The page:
Date: Friday, November 6, 2020
Session Type: Abstract Session
Session Time: 3:00PM-3:50PM
Background/Purpose: According to guidelines, clinical arthritis is mandatory for diagnosing rheumatoid arthritis (RA). However, in the absence of clinical synovitis, imaging-detected subclinical synovitis is increasingly used instead, and considered as starting point for DMARD-therapy. We searched for evidence of the natural course and determined in arthralgia-patients with subclinical synovitis from three longitudinal cohorts the frequencies of non-progression to clinically apparent inflammatory arthritis (IA) (i.e ‘false-positives’).
Methods: Subclinical synovitis in hands or feet of arthralgia-patients was visualized with ultrasound (two cohorts, subclinical synovitis definition: greyscale≥2 and/or power doppler≥1) or MRI (one cohort, subclinical synovitis: synovitis score ≥1 by two readers). Patients were followed for 1-year on IA-development; two cohorts also had 3-year data. Analyses were stratified for anti-citrullinated protein antibody (ACPA).
Results: Subclinical synovitis at presentation was present in 36%, 41% and 31% in the three cohorts. Of the ACPA-positive arthralgia-patients with subclinical synovitis 54%, 44% and 68%, respectively, did not develop IA (Figure 1A). These percentages were even higher in the ACPA-negative arthralgia-patients: 66%, 85% and 89% (Figure 1A). Similar results were seen after 3-years follow-up (Figure 1B).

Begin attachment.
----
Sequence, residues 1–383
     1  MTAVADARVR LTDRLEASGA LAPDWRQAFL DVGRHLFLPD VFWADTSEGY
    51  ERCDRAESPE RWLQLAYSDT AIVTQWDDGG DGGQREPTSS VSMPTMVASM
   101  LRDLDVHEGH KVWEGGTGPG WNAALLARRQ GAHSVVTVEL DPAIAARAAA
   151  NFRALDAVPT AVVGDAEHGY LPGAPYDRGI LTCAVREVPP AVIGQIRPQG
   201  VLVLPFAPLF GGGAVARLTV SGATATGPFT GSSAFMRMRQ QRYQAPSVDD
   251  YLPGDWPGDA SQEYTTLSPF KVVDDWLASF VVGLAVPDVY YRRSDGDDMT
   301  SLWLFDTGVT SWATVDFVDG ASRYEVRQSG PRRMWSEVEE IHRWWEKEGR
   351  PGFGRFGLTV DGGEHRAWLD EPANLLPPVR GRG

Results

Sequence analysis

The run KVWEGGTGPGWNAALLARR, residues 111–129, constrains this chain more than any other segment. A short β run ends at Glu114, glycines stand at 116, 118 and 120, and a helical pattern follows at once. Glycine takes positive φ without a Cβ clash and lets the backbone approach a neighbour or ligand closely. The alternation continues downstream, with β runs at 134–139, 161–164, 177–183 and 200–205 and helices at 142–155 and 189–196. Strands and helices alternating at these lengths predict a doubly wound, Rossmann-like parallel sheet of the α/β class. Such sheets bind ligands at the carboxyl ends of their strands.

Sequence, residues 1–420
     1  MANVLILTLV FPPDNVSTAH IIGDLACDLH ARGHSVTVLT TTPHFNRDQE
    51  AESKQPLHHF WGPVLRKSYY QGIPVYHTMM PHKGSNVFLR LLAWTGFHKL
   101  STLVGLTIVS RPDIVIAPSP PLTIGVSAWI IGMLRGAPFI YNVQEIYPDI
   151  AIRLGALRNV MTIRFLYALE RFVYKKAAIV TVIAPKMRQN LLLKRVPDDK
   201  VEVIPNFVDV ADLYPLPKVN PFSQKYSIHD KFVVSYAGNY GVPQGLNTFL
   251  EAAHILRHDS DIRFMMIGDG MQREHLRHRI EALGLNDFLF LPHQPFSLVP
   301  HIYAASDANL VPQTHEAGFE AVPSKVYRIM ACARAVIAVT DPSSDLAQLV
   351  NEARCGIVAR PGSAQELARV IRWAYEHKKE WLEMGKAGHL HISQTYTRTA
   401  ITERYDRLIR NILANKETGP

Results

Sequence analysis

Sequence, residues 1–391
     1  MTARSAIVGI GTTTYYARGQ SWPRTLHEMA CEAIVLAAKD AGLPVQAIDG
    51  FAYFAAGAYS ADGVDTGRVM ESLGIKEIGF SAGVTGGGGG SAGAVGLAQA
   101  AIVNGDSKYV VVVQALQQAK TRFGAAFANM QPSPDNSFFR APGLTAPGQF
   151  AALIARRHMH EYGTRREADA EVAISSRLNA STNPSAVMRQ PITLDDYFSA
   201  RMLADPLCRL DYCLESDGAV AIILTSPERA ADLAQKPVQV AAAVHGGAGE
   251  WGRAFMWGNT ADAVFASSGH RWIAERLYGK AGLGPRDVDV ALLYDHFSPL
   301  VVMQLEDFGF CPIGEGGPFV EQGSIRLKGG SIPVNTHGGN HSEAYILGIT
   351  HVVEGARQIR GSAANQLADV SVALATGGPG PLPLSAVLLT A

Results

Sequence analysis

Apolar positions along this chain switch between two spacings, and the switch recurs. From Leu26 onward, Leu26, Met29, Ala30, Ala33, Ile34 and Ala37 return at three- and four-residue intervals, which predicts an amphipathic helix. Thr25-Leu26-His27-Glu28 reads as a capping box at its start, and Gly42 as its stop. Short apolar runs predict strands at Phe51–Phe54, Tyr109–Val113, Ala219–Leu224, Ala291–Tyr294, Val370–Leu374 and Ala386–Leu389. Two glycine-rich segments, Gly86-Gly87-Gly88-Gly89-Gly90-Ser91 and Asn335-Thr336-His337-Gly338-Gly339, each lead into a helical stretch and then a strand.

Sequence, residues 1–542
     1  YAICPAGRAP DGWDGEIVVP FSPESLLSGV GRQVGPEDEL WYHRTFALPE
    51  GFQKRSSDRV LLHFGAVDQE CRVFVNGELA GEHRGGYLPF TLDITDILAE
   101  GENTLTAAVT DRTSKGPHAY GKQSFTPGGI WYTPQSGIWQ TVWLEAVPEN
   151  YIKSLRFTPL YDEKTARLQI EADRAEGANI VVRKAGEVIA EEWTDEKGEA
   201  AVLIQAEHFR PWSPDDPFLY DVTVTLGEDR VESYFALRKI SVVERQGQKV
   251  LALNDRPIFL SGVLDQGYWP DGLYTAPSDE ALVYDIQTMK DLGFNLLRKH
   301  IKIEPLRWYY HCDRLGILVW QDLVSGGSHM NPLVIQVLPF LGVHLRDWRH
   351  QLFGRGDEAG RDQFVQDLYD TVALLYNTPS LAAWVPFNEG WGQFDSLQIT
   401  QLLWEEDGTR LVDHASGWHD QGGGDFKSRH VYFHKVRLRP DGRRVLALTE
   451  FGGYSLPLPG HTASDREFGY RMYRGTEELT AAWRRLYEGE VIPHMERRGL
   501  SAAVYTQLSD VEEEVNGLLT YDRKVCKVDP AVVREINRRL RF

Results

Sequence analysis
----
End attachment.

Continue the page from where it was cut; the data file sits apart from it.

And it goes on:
Conclusion: Replacing clinical arthritis by subclinical synovitis to identify RA introduces a high false positive rate (44-89%). DMARD-initiation in absence of clinical arthritis may lead to considerable overtreatment.
Figure 1 Percentage of arthralgia-patients with subclinical synovitis at baseline that did and did not develop inflammatory arthritis after 1-year (A) and 3-years follow-up (B), stratified for ACPA-status. Legend: (A) Percentage of patients with subclinical synovitis at baseline that did and did not progress to inflammatory arthritis after one year follow-up in three independent cohorts (ACPA-positive patients n=13, n=36, n=31, respectively; ACPA-negative patients n=47, n=157, n=19, respectively). (B) Percentage of patients with subclinical synovitis at baseline that did and did not progress to inflammatory arthritis after three year follow-up, in two independent cohorts (ACPA-positive patients n= 26, n=31, respectively; ACPA-negative patients n=121, n=19, respectively).
To cite this abstract in AMA style:Rogier C, Wouters F, van Boheemen L, van Schaardenburg D, de Jong P, van der Helm - van Mil A. Subclinical Synovitis in Arthralgia: How Often Does It Result in Clinical Arthritis? A Longitudinal Study to Reflect on Starting Points for DMARD Treatment [abstract]. Arthritis Rheumatol. 2020; 72 (suppl 10). https://acrabstracts.org/abstract/subclinical-synovitis-in-arthralgia-how-often-does-it-result-in-clinical-arthritis-a-longitudinal-study-to-reflect-on-starting-points-for-dmard-treatment/. Accessed June 14, 2021.
« Back to ACR Convergence 2020
ACR Meeting Abstracts - https://acrabstracts.org/abstract/subclinical-synovitis-in-arthralgia-how-often-does-it-result-in-clinical-arthritis-a-longitudinal-study-to-reflect-on-starting-points-for-dmard-treatment/